The TTC is reviewing safety protocols after learning passengers were escorted off a subway through a tunnel while a third rail carrying dangerous levels of power was live.
"The protocol exists. The problem is it wasn't followed, and so that's human error and we need to look at our processes," said Brad Ross, a spokesman for the TTC.
On Monday, passengers waited for more than an hour in a subway train stuck without power near Museum station after a situation at a nearby station had a domino effect. Eventually, the passengers were forced to disembark the train and walk along the tracks toward the station under the supervision of TTC employees.
While the passengers moved through the tunnel, a third rail was turned back on.
"It is a little bit concerning that there wasn't someone who was making sure that the power was off while we were there at track level," said Kathleen Schofield, who filmed a video of the passengers walking through the tunnel.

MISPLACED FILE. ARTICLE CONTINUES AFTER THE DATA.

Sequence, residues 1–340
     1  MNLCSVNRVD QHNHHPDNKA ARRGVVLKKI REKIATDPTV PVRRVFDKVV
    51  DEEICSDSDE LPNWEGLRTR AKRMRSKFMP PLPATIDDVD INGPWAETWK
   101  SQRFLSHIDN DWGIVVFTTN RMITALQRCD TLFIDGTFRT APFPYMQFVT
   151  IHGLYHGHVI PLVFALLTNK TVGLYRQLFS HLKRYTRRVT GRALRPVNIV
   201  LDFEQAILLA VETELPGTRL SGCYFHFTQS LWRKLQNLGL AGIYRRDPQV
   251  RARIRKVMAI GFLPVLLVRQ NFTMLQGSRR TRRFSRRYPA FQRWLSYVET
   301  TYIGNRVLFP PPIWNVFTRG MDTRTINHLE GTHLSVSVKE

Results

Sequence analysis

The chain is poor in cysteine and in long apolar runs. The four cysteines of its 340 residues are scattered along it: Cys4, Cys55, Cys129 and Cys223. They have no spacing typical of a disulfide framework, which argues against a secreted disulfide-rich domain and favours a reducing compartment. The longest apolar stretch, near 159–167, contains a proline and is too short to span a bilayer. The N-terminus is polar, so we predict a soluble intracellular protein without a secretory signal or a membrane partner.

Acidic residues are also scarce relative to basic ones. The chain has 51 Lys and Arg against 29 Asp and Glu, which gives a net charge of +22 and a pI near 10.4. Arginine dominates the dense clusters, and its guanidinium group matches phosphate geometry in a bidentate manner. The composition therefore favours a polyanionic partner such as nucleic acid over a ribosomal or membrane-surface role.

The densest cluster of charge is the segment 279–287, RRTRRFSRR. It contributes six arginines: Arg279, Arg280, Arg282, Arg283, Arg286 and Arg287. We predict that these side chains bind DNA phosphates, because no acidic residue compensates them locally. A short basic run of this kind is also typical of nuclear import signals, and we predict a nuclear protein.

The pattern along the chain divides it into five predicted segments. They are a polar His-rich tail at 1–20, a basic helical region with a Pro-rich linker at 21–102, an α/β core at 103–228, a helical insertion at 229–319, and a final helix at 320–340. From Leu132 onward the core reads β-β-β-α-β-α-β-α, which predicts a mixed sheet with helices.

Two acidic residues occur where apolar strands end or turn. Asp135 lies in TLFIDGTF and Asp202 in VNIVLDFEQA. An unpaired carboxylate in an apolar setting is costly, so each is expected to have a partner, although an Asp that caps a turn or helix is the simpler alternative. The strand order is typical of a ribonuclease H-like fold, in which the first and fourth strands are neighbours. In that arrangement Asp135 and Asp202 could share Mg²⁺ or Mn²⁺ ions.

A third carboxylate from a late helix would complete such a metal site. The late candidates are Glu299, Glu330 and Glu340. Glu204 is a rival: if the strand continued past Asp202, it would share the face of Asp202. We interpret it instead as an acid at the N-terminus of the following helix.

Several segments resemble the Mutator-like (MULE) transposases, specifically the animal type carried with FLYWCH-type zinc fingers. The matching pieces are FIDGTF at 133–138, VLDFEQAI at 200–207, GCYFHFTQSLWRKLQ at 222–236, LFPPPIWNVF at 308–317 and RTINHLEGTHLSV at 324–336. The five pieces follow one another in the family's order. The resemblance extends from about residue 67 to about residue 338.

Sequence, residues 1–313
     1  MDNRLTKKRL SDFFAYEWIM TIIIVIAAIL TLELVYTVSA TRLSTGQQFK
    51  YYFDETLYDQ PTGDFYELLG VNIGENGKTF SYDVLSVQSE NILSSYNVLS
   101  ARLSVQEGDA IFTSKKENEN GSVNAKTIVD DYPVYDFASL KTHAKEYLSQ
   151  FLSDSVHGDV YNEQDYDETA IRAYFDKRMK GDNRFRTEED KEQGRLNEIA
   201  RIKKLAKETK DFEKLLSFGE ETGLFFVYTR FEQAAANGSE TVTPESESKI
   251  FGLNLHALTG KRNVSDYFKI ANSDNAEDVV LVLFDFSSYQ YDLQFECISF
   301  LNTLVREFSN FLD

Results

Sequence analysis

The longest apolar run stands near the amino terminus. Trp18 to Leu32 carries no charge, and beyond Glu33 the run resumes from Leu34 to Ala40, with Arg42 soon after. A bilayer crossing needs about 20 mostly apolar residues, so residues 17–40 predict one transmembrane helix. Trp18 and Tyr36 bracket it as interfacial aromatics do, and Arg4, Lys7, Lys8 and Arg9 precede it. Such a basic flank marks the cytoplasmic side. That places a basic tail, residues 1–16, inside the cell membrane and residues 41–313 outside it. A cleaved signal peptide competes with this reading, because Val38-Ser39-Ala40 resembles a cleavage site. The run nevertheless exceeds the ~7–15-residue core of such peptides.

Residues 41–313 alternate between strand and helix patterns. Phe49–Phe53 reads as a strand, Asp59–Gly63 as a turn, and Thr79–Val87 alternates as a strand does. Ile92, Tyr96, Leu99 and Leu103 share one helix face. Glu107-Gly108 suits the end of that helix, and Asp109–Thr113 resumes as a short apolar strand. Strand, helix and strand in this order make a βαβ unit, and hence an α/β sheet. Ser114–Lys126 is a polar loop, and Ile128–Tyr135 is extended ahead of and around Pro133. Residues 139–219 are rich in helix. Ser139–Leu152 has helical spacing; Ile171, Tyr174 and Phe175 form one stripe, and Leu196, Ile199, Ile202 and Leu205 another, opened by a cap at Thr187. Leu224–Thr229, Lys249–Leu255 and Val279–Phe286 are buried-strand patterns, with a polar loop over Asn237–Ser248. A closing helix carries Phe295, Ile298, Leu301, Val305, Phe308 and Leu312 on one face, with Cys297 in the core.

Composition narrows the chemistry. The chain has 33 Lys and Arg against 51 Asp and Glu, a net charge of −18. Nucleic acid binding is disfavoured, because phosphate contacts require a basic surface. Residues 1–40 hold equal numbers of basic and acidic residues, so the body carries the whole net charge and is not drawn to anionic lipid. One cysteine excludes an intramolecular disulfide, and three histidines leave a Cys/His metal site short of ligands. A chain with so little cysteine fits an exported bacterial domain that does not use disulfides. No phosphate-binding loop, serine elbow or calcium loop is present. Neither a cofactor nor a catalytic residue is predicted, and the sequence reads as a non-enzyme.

That third rail carries 600 volts of electricity. The TTC says its staff are trained to always treat it as though its live — even when the power is off.
The TTC says no one was in danger because passengers were escorted along a catwalk and were not near the third rail.
"My first reaction was, 'oh my God, like that's dangerous,'" said Justin Tetreault. "But when I thought about it for, you know, 10 seconds, I realized how orderly it was and that really we were in no danger."
The TTC said it has taken action against the person responsible for turning the power back on, but did not elaborate on what the action entailed.